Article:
Life is larger than all Arts, Sciences, Religions, Philosophies, trade, techs, States... through times and places.

Wednesday, 4 September 2013

Food for Work or Work for Food

Taxing Survival in Mumbai | Photo by Remigius de Souza
 About 60 percent people in Mumbai are slums-dwellers and squatters. 
They are displaced and marginalized mainly due to so-called development projects.

(The strike by the wholesale traders was going on a couple of months ago, when I met two friends who are highly educated professionals. One was visitor from other state. The strike was a major event then. The commodities were in short-supply. My friends are interested in ecology. Their input mainly comes from workshops, seminars, books etc. They, hoever, did not mention the strike during our talk. So I asked, “Do you know what 'Food for Work' is?” No, they didn't know. This incident made me write this post.)

Food for Work

'Food for Work': I heard this benevolent concept a few decades back. I was in contact with some NGOs working in the villages. The work involved 'Conservation of Water' in drought stricken rural areas for peasants. It was bunding the farms, deepening the silted village water tanks etc. so that the rain water is retained in the scanty rainfall regions.

The 'bunding' and ‘de-silting’ of wells and village tanks is an ancient skill, still practiced by peasants by 'Community Participation' in many parts of the country. Since the Industrialization infiltrated it is getting lost. Or is it already lost?

The Concept, 'Food for Work' originated in the West; it is anybody's guess. It, perhaps, came from some foreign Funding NGOs / Agencies.

I found something amiss in their activities. Plants — grasses, shrubs, trees — also help water conservation, besides they stop soil erosion, add mulch / fertilizer to the soil. But it was not on their agenda. This aspect was either ignored, forgotten, or was unknown to NGOs or the concerned departments.

Plants, however, were a part of another programme for ‘Reforestation’, in another package, in other regions. Perhaps they did not see that plants also conserve water… hence they did not combine it with ‘Conservation of Water’.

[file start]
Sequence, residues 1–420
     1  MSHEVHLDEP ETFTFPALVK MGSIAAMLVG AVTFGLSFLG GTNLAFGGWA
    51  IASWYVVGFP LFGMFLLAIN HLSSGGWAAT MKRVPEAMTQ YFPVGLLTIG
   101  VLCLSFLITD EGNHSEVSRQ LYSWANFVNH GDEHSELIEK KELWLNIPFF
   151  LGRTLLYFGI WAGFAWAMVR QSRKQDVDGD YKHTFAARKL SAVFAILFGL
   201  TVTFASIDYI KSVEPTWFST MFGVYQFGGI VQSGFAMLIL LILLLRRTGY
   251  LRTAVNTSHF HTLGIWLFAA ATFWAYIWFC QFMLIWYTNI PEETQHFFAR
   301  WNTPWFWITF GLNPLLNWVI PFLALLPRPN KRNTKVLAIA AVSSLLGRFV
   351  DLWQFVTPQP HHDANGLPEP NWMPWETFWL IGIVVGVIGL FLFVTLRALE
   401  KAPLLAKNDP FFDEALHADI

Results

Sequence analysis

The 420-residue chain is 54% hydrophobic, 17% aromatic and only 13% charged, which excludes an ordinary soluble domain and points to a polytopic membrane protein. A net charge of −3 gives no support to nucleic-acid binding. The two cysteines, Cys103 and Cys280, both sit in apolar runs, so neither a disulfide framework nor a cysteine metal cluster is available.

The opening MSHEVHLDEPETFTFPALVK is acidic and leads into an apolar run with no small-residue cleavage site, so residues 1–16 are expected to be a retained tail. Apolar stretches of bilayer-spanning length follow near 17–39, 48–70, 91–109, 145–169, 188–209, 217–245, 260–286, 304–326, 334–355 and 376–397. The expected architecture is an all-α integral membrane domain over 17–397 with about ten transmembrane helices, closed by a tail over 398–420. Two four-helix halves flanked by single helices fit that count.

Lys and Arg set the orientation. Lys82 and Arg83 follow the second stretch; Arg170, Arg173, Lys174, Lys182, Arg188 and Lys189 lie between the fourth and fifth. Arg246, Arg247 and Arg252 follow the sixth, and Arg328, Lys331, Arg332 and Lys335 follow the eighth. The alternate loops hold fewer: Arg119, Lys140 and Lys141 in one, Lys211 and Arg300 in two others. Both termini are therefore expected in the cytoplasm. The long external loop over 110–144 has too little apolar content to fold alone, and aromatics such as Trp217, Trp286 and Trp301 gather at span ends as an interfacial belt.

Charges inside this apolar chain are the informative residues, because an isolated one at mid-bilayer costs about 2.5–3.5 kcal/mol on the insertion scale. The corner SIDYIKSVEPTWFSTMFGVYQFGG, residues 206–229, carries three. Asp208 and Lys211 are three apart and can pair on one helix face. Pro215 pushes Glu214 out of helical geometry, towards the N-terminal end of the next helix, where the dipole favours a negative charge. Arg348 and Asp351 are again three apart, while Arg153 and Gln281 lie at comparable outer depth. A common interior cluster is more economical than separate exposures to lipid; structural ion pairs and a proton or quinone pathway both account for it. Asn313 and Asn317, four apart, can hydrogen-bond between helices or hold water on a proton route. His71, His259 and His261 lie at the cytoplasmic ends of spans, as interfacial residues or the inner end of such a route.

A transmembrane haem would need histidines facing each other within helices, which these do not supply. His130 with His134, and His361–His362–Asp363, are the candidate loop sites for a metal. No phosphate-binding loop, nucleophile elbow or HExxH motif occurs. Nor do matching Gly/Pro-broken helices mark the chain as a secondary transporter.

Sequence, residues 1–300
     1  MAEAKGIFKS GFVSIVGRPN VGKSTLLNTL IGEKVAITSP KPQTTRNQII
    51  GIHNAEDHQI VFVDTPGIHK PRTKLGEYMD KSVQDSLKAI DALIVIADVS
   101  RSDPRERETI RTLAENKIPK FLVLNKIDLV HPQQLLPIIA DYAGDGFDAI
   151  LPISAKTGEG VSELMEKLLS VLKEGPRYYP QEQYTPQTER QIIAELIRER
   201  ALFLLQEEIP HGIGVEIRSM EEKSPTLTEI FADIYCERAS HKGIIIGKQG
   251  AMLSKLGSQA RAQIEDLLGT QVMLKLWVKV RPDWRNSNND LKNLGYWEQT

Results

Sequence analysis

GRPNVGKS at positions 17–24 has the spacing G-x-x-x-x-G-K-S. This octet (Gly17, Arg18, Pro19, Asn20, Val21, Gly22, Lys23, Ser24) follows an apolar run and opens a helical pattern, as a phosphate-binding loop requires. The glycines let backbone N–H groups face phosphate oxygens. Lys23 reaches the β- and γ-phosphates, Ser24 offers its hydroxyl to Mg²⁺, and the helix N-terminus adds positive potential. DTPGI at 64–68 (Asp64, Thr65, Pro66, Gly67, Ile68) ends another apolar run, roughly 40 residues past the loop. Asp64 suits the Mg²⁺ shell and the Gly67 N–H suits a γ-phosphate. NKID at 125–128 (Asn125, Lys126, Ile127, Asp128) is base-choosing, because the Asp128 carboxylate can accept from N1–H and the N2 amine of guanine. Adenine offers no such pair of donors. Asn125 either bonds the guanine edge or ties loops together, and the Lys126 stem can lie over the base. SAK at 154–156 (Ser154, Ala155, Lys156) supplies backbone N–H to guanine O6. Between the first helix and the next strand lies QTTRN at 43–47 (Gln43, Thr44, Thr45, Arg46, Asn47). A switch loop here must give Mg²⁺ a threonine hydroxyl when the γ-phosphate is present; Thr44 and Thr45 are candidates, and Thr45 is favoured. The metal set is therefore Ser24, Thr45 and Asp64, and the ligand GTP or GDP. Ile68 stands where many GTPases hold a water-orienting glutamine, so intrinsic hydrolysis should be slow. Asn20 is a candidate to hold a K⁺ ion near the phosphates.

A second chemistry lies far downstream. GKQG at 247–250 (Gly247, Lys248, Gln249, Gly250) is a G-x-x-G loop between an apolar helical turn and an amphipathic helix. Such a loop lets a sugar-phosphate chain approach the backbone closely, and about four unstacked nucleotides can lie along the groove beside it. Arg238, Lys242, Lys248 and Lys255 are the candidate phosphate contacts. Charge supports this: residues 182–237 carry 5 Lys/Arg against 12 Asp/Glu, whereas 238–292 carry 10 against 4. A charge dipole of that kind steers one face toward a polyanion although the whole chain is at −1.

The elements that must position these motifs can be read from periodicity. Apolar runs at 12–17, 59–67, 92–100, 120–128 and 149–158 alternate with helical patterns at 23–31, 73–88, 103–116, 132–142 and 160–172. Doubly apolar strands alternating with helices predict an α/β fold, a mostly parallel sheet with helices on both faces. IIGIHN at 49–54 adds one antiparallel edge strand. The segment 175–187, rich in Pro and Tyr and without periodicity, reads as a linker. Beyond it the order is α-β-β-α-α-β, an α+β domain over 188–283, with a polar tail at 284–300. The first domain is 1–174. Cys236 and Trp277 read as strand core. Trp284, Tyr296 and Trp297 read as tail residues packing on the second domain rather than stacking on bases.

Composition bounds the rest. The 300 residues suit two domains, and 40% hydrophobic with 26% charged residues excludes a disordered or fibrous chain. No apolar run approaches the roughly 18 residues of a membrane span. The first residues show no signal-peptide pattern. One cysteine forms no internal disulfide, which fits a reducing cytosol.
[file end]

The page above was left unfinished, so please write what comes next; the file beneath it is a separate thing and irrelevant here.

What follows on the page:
Work for Food

Paddy Farming in Konkan | Photo by Pooja Rani

Peasants 'Work for Food' all their life to 'produce food' for self and others. It is most unfortunate they are now 'Beneficiaries' in the times of Development. In 65 years the conditions have worsened. Incidentally the term ‘Beneficiaries’, also, is imported.

I recall a conversation from a novel by Sharat Chandra Chatarji: “First you cut the limbs of a person, and then carry him on your shoulder; that is your idea of charity”. 

None of the so-called leaders thought of taking them along on the path of inclusive development, from the beginning of Independence.

On the contrary they – the peasants – being Unorganized Sector of the Indian society, became a soft target of exploitation, in the name of development, in creating and accelerating economic disparity, in depriving social services - healthcare, literacy, appropriate education, communications… this is a long list.

Ghettos of Development

They targeted peasants’ lands for creating the “Ghettos of Development” in the rural areas; they were displaced and marginalized, without their justified Rehabilitation. It took sixty five years for India to change, not scrap, the draconian law: The Land Acquisition Act. That too is an amendment, with loopholes and ambiguities that will be revealed when it is implemented.

Unfortunately, the managers – the elite ruling minority – of the country's affairs are shining with reflected light. They, in the heat of the powers in hands, conveniently forget the majority of 900 plus million peasants are actually running (feeding) this nation.

Otherwise why the ‘Rupee’ should fall in International Market? All efforts by RBI, FM have failed, so far! Actually it has been sliding down for decades, if any of the senior citizens do remember! I don't see any other rationale for the 'fall' of the Rupee.
In his recent article in The New York Times, 'Why India Trails China', Amartya Sen says, 'China, which during the Mao era made advances in land reform and basic education and health care, embarked on market reforms in early 1980s; its huge success changed the shape of the world economy. India has paid inadequate attention to these lessons.'

He ends the article, 'For India to match China... It needs a better-educated and healthier labor-force at all levels of society. What it needs most is more knowledge and public discussion about the nature and the huge extent of inequality and its damaging consequences, including for economic growth.'

I do not compare India with other nations like Amartya Sen or others. India, as well as each of her regions, is unique, because of the natural and cultural biodiversity. Each region, within country or each state, is capable of solving its problems with cooperation of the people, they having deep perceptions of land-water-life. Government is merely a tool to provide facilities, not a ruler to coerce people to drive economic growth for a few.

Each Place is Unique

Once I had spent almost a decade to motivate someone in a NGO to dig pond of about 20 ft x 40 ft size, in their land in the dry-arid region. During monsoon it was full with water; it attracted water-loving wildlife. Even if it dries after a few months, it will get refilled.